Many treat the Tripod Headstand as a more advanced version of Sirsasana, but that’s not always the case. Some people who can’t make sense of Sirsasana I easily feel cozier with Sirsasana II. This is probably because it more closely parallels the Headstands they performed as children.
However, it is recommended that you master the Tripod before progressing to the full Headstand. If you set it up properly with good alignment, you’ll have no reason for not trying it before mastering the complete version. Whichever the case, ensure that you increase your strength and control when lifting into the full asana.
Follow these instructions for this pose:
Begin on all fours.
Place your head’s crown on the mat between a bit forward than your hands, think about a tripod, you want to create three points of contact; your head and two hands.
Shift your body’s weight from your feet to your arms and head, making sure to keep your elbows at an angle of 90 degrees. The palms should remain on the ground with your arms and head forming an equilateral triangle to act as an underpinning (“tripod”) base.
Transfer your weight forward toward the head and hands in order to lift one foot off the floor.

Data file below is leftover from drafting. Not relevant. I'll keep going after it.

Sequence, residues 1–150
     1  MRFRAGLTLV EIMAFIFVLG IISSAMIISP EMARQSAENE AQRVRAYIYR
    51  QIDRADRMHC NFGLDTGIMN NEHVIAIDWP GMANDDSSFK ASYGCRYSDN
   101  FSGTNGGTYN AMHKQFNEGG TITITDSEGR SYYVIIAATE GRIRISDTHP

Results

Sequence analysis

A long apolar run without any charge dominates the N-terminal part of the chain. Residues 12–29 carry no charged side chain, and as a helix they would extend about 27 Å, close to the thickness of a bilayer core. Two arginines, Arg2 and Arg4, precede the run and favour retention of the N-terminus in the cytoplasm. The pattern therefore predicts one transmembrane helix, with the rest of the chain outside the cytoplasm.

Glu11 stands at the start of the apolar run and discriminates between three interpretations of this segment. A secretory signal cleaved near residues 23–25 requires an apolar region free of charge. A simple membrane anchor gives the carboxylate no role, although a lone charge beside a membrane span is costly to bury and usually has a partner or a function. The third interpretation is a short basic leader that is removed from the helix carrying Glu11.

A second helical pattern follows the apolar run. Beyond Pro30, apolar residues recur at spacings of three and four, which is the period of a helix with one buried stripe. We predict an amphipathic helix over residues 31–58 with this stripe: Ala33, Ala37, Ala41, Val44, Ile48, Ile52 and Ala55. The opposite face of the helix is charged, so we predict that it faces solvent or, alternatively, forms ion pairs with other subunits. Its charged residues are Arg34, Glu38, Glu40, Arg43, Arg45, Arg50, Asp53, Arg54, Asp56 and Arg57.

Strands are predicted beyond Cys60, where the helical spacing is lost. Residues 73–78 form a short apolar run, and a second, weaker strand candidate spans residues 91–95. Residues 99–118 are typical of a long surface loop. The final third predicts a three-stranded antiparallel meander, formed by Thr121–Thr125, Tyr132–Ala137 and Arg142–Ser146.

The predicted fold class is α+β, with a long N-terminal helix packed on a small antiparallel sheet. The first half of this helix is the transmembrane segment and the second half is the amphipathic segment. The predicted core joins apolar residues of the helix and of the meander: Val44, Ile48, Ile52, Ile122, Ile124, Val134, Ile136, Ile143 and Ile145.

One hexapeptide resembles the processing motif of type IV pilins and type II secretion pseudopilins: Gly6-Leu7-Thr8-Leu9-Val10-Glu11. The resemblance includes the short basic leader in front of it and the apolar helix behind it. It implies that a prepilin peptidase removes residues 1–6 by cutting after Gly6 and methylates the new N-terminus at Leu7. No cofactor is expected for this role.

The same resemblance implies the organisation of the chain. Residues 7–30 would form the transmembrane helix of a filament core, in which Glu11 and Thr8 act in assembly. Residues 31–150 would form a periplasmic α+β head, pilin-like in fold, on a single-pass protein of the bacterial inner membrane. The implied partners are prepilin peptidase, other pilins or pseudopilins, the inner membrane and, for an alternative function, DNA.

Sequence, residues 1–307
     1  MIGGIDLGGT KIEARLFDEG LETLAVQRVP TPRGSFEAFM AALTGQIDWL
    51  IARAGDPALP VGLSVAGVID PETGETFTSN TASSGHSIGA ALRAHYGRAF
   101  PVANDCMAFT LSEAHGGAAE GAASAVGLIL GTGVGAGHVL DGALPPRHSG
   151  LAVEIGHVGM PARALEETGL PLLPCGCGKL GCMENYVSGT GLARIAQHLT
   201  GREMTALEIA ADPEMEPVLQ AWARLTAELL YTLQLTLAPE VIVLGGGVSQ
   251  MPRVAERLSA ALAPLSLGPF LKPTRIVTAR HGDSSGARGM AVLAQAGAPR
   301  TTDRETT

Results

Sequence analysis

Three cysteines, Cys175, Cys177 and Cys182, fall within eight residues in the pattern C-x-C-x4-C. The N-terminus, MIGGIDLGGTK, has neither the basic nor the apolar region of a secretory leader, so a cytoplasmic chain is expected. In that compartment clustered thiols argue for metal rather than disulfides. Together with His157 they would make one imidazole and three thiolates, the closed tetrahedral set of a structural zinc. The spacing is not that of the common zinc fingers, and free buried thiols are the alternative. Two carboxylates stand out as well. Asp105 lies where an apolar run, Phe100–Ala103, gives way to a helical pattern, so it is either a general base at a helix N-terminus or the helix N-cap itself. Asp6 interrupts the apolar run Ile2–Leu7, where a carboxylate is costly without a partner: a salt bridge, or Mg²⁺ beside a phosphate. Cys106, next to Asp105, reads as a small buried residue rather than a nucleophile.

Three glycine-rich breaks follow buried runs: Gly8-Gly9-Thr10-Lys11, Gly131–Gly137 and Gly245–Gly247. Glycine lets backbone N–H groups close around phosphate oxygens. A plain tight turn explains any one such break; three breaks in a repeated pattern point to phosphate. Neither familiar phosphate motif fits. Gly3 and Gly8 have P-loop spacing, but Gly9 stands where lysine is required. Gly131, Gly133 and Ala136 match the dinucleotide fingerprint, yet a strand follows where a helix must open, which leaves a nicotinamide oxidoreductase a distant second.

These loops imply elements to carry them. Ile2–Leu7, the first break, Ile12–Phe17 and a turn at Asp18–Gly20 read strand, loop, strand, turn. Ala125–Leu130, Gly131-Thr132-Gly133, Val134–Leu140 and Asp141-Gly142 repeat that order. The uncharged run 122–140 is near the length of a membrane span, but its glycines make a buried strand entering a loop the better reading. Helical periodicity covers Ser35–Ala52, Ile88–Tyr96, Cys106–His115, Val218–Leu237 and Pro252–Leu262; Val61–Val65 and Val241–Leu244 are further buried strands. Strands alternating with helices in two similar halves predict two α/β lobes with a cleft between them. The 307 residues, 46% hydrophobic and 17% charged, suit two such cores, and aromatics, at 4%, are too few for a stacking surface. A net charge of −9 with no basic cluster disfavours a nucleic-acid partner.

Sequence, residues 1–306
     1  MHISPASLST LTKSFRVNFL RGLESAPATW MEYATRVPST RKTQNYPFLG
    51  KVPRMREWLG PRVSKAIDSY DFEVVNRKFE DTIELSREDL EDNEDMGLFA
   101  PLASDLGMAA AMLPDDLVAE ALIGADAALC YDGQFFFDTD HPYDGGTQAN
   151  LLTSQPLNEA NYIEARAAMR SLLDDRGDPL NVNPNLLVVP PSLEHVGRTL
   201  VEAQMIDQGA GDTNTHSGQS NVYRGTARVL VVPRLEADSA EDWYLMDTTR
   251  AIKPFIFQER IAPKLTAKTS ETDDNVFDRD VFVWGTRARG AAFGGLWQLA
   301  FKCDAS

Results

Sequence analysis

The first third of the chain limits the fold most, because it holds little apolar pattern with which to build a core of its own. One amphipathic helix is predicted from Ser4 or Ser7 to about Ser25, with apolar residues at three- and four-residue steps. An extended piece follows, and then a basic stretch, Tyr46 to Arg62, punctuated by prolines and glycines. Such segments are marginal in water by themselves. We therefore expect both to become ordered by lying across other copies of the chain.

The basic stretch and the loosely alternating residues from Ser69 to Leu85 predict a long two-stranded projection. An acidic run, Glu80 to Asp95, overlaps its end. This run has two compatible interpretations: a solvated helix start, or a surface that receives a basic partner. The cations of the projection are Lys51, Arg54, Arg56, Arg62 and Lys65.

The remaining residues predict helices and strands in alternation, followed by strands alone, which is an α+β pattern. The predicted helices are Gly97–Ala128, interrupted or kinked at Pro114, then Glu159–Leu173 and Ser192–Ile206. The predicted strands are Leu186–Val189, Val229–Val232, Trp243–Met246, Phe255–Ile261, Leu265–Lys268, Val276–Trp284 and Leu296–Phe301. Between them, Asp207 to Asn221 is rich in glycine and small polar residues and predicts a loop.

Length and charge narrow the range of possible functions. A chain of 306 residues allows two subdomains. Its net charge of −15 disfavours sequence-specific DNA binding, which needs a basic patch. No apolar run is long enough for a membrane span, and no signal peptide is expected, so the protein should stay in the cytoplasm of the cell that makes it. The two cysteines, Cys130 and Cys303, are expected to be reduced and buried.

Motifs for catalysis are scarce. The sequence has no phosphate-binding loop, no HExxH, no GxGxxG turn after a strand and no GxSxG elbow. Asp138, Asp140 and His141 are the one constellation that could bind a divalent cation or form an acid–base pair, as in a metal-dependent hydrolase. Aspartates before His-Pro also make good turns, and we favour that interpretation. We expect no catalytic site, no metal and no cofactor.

Hug one knee toward your chest and see if you can lift your toes on the extended leg, then repeat on the other side.
Once the legs are up, maintain this position for at least five breaths, ensuring you’re pressing strongly into your palms for the entire period of time.
To come out, slowly lower your feet back to the mat, ensuring that you engage the core to get a controlled descent.
The Tripod Headstand has the following benefits:
It returns blood to your heart and brain, thereby refreshing your lymphatic and cardiovascular systems
It energizes your body
Can help relieve headaches
Stimulates the pituitary glands
Can increase mental clarity, memory, and concentration due to increased blood flow to the brain
Salamba Sirsasana III - Supported Headstand
This is a variation of the master Sirsasana pose that requires stability with your head’s crown and shoulders’ strength. The base asana balances your body on the head’s crown while supporting your head with your cupped hands. Contrarily, this supported headstand pose uses your palms as support when you place them on the floor.
Salamba Sirsasana offers the following benefits:
Helps to open, activate, and balance the crown and third eye chakras
Strengthens and stretches the muscles of the arms, shoulders, core, and neck
Follow the following instructions carefully to perform this pose:
Begin on all fours.
Now place your head’s crown on the ground, slowly moving your hips and going onto the toes in the Tripod Dolphin Pose
Bring your palms on the ground while the fingers are pointing towards your face’s direction, outwards.
Exhale. Raise your right leg, slowly putting your right knee over your right upper arm, while curving your right leg in Tripod Headstand Prep One Knee On Elbow